Additionally, hospitals aspiring to Magnet status are more likely to hire BSN-prepared nurses, whose depth of experience in quality patient care has been shown to produce better patient outcomes. Hospitals earn Magnet status by demonstrating exceptional quality of care and strategic nursing leadership.

While earning your BSN might not be required by your employer, it is a worthwhile investment that can help you stay competitive in the field. According to data from the American Association of Colleges of Nursing, 45 percent of hospitals and other healthcare settings are requiring new hires to have a bachelor’s degree in nursing, and nearly 90 percent express a strong preference for BSN-educated nurses.

Discover the biggest differences between BSN vs. ADN, including pay, patient outcomes, NCLEX pass rates, and much more.

What is the job outlook for BSN-prepared registered nurses?

BSN-prepared nurses are most desirable in the job market for registered nurses. Registered nurse positions are expected to grow 7 percent through 2029, adding more than 200,000 new jobs.

Additionally, as more new nurses join the workforce, healthcare organizations must rely on skilled and experienced nursing leaders to guide them in achieving the highest quality of care. For many BSN nurses, this opens up the opportunity to move into leadership positions or specialized roles, including becoming a pediatric nurse, traveling nurse, surgical/perioperative nurse, oncology nurse or advance to a master’s degree program to grow into higher paying specialties.

What skills set the BSN-prepared nurse apart from other registered nurses?

“Community-based work makes the difference between a BSN and ASN nurse,” says Joan Neave, a clinical coordinator at Herzing University. “Most of the healthcare happens outside of the hospital walls. Providing public health education and increasing access to health services in the community ensures a healthier future for everyone.”

The clinical experience you complete in a BSN program is very different than that of your ASN program. Through community-based clinical and volunteer work, you’ll gain hands-on experience in providing holistic, personalized care to a diverse patient population. This not only prepares you to become a leader within a healthcare setting, but also a driver of community change.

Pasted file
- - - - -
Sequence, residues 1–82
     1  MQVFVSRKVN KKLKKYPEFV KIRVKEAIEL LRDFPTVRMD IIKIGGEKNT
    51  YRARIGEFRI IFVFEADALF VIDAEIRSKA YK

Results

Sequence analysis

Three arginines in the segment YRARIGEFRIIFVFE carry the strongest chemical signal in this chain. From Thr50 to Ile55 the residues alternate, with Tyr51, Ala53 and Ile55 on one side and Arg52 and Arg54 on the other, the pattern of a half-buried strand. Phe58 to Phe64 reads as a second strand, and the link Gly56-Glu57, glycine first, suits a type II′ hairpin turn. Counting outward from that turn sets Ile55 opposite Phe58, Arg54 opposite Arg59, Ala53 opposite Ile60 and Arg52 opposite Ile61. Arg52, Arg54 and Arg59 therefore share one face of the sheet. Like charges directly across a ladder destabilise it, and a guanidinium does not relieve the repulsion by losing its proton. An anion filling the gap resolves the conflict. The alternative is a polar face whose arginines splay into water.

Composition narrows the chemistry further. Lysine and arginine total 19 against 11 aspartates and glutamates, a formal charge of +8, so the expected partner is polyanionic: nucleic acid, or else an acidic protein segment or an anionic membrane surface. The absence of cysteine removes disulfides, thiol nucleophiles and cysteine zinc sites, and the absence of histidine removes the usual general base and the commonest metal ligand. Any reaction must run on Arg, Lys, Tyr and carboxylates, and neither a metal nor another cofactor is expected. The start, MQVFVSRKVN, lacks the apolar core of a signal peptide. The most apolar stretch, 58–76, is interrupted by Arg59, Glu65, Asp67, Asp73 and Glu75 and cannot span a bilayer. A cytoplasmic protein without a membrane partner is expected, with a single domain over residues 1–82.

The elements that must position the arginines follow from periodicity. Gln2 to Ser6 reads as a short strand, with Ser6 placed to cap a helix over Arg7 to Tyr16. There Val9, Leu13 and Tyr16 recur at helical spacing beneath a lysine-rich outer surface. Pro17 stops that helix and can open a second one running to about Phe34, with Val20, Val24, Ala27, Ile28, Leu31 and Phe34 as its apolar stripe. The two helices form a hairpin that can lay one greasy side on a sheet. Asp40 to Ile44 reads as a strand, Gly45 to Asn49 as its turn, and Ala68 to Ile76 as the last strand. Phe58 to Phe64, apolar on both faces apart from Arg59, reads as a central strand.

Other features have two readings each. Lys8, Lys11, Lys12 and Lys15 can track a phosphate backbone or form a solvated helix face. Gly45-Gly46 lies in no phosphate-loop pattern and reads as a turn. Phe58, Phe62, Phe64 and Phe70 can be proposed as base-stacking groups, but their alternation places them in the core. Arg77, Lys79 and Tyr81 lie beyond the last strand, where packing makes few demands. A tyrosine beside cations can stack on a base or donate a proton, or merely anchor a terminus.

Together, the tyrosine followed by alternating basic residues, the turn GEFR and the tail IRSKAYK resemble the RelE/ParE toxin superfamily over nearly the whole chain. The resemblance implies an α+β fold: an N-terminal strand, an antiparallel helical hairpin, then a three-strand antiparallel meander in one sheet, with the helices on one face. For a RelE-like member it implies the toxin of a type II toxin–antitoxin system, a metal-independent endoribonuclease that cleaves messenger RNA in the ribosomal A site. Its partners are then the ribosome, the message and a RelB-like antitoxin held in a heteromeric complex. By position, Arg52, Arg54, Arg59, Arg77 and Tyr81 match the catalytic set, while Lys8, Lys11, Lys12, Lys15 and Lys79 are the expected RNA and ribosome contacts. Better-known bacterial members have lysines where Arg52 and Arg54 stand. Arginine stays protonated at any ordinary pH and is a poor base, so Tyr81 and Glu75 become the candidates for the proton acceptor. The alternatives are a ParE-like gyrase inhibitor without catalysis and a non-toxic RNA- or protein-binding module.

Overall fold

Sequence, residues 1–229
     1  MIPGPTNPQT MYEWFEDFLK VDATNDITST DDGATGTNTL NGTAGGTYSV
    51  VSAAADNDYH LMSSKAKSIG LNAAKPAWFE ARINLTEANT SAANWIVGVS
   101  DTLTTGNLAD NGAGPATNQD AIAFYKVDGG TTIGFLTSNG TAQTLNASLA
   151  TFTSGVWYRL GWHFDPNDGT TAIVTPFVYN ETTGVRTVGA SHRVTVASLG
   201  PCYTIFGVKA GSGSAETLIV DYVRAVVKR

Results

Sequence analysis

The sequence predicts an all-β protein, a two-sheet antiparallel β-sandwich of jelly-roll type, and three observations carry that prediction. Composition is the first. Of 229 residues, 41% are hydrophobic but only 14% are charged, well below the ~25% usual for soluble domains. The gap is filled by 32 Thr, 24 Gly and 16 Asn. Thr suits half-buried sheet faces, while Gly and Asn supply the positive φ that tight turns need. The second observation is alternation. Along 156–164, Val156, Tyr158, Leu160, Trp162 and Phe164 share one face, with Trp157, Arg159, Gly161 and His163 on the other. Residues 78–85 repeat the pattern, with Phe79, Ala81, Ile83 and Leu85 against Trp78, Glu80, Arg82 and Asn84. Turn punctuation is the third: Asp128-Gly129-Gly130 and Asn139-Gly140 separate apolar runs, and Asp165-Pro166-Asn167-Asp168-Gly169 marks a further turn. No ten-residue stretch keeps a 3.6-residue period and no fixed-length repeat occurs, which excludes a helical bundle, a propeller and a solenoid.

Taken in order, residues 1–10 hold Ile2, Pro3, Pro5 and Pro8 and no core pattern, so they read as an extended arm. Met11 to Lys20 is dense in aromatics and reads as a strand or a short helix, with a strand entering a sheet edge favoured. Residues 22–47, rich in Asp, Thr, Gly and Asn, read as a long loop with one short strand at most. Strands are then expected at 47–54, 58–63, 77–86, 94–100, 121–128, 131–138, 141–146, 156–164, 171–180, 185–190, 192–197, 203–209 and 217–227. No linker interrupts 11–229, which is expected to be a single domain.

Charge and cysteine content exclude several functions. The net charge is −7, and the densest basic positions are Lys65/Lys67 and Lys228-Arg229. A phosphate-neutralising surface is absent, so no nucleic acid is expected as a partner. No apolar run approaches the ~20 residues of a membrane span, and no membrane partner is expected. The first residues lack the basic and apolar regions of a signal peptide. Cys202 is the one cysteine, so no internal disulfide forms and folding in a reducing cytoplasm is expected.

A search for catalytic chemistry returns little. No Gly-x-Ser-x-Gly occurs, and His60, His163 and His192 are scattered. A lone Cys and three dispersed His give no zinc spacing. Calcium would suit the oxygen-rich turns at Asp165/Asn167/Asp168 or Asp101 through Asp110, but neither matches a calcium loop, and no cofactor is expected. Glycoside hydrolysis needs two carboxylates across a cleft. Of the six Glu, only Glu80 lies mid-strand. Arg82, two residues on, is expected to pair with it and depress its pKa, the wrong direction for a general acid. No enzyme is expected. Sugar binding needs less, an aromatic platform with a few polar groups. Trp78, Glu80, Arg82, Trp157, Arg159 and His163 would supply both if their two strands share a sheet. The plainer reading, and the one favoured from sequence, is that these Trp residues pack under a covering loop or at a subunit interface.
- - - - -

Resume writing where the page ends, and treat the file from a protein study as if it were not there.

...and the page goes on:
Can I earn my BSN while working?

Yes! Many schools offer flexible or online nursing programs that make it easier for you to fit education in to your life. At Herzing University, much of the coursework for the RN-BSN program is online, allowing students to advance their nursing careers while balancing a full-time job and/or family commitments. New nurses enrolling the BSN program can also take advantage of night classes to fit education into their schedule.

“Being able to earn my bachelor's degree while working as a registered nurse was a huge advantage. It was a challenge managing a full-time job and new courses every eight weeks, but the classes were set up nicely, allowing me enough time to complete my assignments and projects,” says recent Herzing University graduate Lindsey Van Galder.

As a registered nurse with a BSN, you’ll be able to do more of what you already love most while leading the way in the future of healthcare.

How long does it take to earn a BSN?

It can take anywhere from 12 months to 3 years to earn your BSN depending on your prior education and experience. Herzing University offers many unique degree pathways to earn your bachelor’s degree in nursing and advance your career (time estimates will vary by campus).

*Not all programs are available at every campus – you can find campus availability by clicking through to each program for further detail.

With Herzing University, you are possible. Take the next step and leap towards advancing your career.

Learn more about the Herzing BSN program